A powerful roadside bomb struck a U.N. peacekeeping patrol in the Lebanese coastal town of Tyre on Friday, wounding five French soldiers and a civilian, a security official said.
The official, who requested anonymity, said the bomb was hidden under dirt on the side of the road and was detonated as the soldiers were driving by in a Jeep at an intersection in the eastern part of the southern town.
The French Foreign Minister condemned the attack, saying France would not be intimidated by such “vile acts” while the Lebanese President vowed to find those responsible.
Two of the wounded soldiers were taken to hospital while the three others ─ a woman and two men ─ were seen by an AFP correspondent standing by their badly damaged vehicle with bandages on their heads.
The blast left a one-meter (three-foot) deep crater. Security forces cordoned off the area as hundreds of onlookers gathered nearby.
Foreign Minister Alain Juppe said in a statement: “I condemn in the strongest terms the cowardly attack that was carried out against UNIFIL (U.N. Interim Force in Lebanon) this morning.”
The chief of staff in Paris said four peacekeepers were “very lightly wounded” and the fifth “a bit more seriously” but without life-threatening injuries.
France is “determined to continue its involvement with UNIFIL (and) will not be intimidated by such vile acts,” Juppe said.
UNIFIL patrols have been the target of a string of unclaimed roadside bomb attacks in recent years, including two previously in 2011.
Lebanese President Michel Suleiman, meanwhile, called on French peacekeeping forces to stay in his country and vowed to find those responsible for the attack.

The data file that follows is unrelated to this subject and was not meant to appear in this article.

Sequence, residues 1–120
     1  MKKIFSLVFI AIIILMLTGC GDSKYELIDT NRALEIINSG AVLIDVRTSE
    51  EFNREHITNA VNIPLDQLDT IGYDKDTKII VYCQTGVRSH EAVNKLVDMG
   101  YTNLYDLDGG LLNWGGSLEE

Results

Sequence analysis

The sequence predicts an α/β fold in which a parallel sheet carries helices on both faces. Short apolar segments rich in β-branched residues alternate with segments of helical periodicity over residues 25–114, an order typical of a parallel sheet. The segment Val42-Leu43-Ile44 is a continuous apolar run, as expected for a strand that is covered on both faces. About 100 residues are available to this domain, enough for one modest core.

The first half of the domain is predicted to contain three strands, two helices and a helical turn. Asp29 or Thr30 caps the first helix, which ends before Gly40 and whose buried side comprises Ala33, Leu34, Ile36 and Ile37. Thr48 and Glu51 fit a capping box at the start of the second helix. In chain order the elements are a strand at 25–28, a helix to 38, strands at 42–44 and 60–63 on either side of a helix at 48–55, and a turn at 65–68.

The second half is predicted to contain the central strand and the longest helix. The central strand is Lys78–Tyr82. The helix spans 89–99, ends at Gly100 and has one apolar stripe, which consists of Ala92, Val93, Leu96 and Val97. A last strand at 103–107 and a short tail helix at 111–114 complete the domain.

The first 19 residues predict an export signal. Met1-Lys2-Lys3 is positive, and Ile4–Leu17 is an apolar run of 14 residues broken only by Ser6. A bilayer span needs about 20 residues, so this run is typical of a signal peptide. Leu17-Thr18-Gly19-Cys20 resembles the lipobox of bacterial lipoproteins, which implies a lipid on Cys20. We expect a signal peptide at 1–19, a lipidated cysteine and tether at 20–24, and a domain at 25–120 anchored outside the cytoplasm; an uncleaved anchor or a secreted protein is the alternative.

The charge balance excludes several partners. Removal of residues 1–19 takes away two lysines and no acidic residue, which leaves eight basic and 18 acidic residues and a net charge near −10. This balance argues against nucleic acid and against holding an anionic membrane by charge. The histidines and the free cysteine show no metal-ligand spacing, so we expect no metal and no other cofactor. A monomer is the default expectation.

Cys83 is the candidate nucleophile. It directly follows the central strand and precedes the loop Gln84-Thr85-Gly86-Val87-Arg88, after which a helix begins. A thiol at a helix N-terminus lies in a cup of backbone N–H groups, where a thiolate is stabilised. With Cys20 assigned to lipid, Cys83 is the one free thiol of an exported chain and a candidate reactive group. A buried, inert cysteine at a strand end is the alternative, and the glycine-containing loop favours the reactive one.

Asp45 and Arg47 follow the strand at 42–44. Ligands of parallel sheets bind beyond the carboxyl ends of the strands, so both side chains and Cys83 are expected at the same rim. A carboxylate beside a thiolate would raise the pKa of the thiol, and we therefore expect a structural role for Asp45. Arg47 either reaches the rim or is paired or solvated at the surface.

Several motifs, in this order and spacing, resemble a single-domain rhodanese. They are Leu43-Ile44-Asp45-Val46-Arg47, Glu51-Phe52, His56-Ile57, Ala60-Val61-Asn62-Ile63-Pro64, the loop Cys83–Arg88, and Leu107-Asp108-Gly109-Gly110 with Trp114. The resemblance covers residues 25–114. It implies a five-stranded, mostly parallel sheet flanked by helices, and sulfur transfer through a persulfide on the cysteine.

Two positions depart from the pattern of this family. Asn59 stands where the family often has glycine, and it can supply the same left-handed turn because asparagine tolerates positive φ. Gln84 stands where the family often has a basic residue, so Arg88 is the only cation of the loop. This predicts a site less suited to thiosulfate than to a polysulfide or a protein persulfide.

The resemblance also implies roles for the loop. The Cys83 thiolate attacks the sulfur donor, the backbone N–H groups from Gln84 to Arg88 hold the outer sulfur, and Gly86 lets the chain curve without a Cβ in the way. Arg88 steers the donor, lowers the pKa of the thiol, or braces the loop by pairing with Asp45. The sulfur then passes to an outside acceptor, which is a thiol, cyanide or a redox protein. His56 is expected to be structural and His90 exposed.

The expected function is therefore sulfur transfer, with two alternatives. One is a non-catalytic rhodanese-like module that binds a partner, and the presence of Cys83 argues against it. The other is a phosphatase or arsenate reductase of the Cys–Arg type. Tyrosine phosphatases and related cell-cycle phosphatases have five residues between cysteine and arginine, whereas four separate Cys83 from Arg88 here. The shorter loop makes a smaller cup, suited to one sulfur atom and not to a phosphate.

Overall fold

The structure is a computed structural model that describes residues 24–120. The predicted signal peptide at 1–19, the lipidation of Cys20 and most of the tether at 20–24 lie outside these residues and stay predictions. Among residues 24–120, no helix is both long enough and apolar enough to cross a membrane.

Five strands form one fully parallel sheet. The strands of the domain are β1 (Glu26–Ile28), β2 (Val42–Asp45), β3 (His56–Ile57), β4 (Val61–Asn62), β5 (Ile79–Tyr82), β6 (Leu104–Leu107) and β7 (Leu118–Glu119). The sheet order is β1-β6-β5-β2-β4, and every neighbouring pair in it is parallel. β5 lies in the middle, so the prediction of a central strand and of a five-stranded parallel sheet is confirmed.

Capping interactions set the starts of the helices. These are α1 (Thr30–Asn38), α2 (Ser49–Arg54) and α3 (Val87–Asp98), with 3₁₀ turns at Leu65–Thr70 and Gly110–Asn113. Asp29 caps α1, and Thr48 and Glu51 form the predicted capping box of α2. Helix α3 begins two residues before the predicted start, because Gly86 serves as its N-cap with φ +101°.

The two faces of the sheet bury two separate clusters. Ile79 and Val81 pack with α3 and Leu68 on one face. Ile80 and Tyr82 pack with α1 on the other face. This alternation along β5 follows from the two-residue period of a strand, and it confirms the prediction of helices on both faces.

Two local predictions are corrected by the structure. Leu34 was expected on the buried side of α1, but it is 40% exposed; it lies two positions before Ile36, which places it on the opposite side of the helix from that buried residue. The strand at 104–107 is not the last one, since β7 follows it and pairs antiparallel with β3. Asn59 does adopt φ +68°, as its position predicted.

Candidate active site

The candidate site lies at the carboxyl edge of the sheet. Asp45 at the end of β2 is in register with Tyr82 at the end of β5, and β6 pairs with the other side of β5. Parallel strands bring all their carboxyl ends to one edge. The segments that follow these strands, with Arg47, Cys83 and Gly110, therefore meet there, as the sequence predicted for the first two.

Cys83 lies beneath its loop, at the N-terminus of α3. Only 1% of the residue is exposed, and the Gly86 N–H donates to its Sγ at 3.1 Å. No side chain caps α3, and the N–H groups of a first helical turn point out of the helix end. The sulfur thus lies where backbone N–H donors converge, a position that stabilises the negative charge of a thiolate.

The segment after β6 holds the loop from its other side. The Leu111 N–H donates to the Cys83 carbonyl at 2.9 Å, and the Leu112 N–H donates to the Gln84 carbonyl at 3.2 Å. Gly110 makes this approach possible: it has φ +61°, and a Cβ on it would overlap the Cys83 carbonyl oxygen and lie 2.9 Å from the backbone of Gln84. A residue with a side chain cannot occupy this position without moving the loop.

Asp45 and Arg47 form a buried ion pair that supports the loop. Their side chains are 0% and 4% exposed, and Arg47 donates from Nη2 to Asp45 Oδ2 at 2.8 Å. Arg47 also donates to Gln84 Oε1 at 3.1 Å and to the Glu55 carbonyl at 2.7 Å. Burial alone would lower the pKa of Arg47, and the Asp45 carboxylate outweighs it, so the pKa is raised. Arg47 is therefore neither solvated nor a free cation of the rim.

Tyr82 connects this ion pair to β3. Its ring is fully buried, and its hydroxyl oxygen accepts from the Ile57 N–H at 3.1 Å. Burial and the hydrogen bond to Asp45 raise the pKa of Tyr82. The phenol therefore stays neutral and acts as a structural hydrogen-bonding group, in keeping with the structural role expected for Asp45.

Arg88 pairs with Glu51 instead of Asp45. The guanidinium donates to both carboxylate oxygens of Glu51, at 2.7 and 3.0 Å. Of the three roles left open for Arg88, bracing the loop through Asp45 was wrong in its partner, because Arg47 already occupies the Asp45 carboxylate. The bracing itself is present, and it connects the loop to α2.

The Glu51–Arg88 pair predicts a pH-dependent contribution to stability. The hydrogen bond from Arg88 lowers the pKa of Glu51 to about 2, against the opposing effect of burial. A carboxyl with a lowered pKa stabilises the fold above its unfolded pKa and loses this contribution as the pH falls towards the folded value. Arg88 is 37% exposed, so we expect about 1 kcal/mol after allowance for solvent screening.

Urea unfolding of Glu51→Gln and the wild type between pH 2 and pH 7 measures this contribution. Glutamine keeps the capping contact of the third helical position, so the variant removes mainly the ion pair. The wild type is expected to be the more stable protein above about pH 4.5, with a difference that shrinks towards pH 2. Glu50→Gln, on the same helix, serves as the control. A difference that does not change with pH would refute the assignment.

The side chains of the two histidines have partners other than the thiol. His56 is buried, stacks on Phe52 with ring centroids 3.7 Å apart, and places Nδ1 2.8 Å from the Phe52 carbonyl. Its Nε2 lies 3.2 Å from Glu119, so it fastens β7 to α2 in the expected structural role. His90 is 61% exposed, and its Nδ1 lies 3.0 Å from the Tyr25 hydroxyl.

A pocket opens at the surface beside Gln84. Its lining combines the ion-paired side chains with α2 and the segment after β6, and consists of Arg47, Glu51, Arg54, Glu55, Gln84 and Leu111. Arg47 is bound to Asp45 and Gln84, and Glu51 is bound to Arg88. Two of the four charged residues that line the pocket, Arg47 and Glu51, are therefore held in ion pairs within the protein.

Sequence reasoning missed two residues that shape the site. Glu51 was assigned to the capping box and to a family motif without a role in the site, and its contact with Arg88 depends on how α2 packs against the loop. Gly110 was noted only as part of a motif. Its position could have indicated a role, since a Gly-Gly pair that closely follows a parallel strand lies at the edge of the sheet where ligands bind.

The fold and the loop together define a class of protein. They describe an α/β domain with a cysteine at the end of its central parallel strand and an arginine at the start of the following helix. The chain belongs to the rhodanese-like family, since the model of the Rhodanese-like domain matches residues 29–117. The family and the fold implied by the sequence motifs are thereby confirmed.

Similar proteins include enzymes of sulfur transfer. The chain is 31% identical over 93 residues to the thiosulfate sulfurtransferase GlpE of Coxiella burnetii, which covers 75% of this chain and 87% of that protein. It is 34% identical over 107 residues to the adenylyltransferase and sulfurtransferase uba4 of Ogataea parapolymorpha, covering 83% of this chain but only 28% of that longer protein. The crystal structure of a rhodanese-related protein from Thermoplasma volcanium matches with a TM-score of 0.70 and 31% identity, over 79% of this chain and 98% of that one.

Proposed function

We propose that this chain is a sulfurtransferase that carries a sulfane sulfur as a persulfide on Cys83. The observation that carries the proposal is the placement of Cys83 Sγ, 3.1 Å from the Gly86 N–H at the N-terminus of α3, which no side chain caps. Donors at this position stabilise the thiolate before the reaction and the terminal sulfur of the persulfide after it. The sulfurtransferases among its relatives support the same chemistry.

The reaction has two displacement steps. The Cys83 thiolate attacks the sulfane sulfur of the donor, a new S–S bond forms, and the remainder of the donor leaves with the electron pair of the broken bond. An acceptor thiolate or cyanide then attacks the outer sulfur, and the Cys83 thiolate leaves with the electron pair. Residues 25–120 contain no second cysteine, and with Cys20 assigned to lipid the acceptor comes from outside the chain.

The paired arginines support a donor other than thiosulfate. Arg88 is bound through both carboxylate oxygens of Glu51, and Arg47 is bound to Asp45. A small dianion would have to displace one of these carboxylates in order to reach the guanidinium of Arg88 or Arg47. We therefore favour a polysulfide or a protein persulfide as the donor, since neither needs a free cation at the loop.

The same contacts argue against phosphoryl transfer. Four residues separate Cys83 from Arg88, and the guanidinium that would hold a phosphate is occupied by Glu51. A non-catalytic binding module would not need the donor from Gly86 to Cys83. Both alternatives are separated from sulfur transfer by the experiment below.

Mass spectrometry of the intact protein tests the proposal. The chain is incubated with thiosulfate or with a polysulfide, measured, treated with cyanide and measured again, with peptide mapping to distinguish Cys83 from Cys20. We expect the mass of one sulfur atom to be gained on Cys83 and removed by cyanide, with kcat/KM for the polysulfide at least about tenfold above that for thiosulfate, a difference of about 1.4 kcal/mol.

“I am confident that a country such as France, which spares no efforts to achieve peace in the entire world, will not yield to such a provocation,” he said at a joint press conference with Armenian counterpart Serzh Sarkisian.
“I am confident that a country such as France, which spares no efforts to achieve peace in the entire world, will not yield to such a provocation,” Suleiman said in the Armenian capital Yerevan.
Suleiman vowed that the Lebanese authorities would make serious efforts to track down and detain the attackers.
“Lebanon’s security agencies will do everything to find and arrest those responsible for the explosion and to prevent the repeat of such tragedies in the future,” he said.
Friday’s blast came amid heightened tension over the bloody uprising in neighboring Syria, with some warning the unrest could spill over into Lebanon, whose government is dominated by pro-Syrian militant group Hezbollah.
There have been constant fears that the UNIFIL force stationed in the south of the country would be an easy target should the unrest reach Lebanon.
The 12,000-strong UNIFIL force was first deployed in 1978 and was expanded after a devastating 2006 war in Lebanon between Israel and Shiite militant group Hezbollah.
Last July, five French UNIFIL troops soldiers were wounded, one of them seriously, in a similar attack in the southern coastal town of Sidon.
No one claimed responsibility for the attack.